7 Things You Can Learn About Your Health From The Color Of Your Period Blood

We all know what periods are and, thankfully, we can talk about them without all the stigma that was once attached to the topic.

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You may have wondered why your period blood differs in color on certain days or months. Does this have anything to do with your health? Well, to a large extent, it does. Let's see how.

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1. It has a pinkish color

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This may signify that you have low estrogen levels. It has been proven that women who are very physically active, especially those who run, may have lower estrogen levels than others.

2. Too light and watery

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If you notice that your period blood is almost colorless or very light pink in color, this may be due to a deficiency in healthy nutrients. You may even have ovarian cancer. Don't panic, though, as fallopian tube cancer only occurs in less than 2 percent of gynecological cancers. But you should bring the situation up with your doctor.

3. Dark brown color

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This is apparently no cause for concern as it happens when some 'old blood' has been in your uterus for a long time. There is no known reason for this.

4. Thick, jam-like color

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If you notice thick blood that has a jam-like color with clots, it may mean you have low progesterone and high estrogen levels. Usually, you do not need to worry, but when the clots are large and many, you may have a hormonal imbalance or fibroids.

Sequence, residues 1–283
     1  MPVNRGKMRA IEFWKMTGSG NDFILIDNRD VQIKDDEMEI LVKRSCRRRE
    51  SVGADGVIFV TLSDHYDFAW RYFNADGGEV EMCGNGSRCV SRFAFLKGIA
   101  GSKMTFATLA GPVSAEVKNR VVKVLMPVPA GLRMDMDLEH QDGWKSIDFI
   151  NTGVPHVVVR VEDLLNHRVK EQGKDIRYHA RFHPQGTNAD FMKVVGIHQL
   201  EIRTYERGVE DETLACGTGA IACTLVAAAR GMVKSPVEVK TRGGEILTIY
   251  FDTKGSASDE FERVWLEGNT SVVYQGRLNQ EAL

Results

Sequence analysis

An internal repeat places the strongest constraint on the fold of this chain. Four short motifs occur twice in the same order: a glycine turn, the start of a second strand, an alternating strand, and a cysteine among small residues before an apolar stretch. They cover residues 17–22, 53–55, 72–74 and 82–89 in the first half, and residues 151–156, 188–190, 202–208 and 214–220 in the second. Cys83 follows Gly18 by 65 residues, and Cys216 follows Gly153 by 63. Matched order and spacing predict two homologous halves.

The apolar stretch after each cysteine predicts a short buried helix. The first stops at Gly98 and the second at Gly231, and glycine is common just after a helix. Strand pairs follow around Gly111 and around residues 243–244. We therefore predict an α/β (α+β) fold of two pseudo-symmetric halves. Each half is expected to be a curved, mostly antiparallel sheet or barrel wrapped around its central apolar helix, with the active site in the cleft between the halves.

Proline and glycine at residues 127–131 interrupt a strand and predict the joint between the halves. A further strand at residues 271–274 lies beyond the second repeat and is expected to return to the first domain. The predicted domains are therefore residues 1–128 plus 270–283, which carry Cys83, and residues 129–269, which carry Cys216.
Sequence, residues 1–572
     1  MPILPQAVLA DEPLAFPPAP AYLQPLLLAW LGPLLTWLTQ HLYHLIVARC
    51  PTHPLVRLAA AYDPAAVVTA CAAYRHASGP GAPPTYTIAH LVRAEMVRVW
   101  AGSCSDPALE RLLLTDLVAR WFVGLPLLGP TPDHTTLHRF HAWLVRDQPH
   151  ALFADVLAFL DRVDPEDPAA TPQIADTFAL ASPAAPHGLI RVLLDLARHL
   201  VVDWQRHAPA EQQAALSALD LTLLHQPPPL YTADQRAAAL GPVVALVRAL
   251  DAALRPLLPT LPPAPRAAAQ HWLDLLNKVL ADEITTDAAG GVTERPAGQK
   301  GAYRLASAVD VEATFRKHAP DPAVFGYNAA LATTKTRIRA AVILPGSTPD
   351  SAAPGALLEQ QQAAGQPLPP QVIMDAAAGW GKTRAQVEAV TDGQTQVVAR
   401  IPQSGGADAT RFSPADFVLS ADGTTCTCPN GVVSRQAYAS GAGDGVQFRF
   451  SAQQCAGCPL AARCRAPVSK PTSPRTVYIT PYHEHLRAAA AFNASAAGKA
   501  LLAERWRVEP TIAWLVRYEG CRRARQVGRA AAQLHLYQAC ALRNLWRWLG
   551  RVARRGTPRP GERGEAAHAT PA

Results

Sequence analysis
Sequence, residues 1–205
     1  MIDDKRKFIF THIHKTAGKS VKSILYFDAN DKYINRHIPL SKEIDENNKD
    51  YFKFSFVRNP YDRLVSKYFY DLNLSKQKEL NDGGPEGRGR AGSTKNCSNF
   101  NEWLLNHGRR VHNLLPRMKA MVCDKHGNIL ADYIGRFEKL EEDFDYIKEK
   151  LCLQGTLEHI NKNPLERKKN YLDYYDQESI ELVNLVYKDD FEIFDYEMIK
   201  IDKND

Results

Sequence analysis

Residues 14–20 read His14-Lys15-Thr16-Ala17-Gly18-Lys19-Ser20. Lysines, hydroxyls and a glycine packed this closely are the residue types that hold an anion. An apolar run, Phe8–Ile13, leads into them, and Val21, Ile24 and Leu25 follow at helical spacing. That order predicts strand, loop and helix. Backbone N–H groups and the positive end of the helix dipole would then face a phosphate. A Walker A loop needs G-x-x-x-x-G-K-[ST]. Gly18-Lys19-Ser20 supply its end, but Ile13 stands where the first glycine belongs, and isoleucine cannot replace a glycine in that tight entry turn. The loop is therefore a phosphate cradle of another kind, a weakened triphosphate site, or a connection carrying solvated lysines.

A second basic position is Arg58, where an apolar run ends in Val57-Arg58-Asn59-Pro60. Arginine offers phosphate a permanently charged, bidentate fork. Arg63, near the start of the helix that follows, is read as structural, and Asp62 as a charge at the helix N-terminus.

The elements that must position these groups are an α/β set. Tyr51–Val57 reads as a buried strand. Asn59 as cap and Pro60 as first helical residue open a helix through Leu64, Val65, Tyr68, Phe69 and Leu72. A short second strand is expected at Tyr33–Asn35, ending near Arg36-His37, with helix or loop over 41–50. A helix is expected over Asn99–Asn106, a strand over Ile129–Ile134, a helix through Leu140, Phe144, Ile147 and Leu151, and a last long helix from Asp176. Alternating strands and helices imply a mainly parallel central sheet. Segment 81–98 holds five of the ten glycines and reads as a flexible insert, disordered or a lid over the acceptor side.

5. Greyish mixed with red

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It could be one of two things. If you are pregnant, it may mean you are having an early miscarriage, and if you're not, then you may have an STD.

6. Cranberry red

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This is a sign that you're healthy and everything is working as it should.

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7. Orange

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This could also mean you have an infection, especially when it's combined with bad odor and severe pain.

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Now you know what to look out for. If anything looks off, you should talk to your doctor as soon as possible, as it's better to be safe than sorry.

Source: Prevention

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This article is solely for informational purposes. Do not self-diagnose or self-medicate, and in all cases consult a certified healthcare professional before using any information presented in the article. The editorial board does not guarantee any results and does not bear any responsibility for any harm that may result from using the information provided in the article.

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